Thinking of the common ratio as a variable x not as a

Info iconThis preview shows page 1. Sign up to view the full content.

View Full Document Right Arrow Icon
This is the end of the preview. Sign up to access the rest of the document.

Unformatted text preview: monic series in this context. Thinking of the common ratio as a variable x, not as a number r , we get ∞ xn = 1 + x + x2 + x3 + x4 + . . . + xn + . . . = f (x) = n=0 1 1−x (take a = 1 for simplicity). The series converges absolutely on (−1, 1) and on this interval its sum is 1 , so the series provides a series representation of a simple function from high school days. 1−x But this is calculus, so why not integrate both the Geometric series and its sum: x 0 x ∞ ∞ tn dt = n=0 n=0 0 ∞ tn dt = n=0 xn+1 = n+1 ∞ n=0 xn n 1 1 , dt = − ln(1 − x) = ln 1−x 0 1−t assuming that the integral of the infinite sum is the sum of the infinite number of integrals ; that’s x coming up too! Thus 1 x2 x3 x4 xn = x+ + + + ... + + ... , 1−x 2 3 4 n whi...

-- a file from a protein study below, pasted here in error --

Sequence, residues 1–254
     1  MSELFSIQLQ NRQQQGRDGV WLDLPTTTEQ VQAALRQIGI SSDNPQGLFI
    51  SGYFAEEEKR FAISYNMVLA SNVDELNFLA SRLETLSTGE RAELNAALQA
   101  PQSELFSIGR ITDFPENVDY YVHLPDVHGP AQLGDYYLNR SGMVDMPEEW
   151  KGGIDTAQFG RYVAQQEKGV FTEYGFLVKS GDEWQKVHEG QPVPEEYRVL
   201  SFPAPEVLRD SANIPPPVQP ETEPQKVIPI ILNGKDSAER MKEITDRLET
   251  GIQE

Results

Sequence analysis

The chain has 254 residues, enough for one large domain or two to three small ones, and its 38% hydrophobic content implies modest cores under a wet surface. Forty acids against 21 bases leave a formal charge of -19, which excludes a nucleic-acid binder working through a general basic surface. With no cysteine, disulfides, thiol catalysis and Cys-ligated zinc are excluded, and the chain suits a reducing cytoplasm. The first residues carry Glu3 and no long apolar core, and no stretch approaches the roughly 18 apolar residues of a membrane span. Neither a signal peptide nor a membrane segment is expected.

View Full Document

This note was uploaded on 06/05/2011 for the course MATH 408 D taught by Professor Gilbert during the Spring '11 term at University of Texas at Austin.

Ask a homework question - tutors are online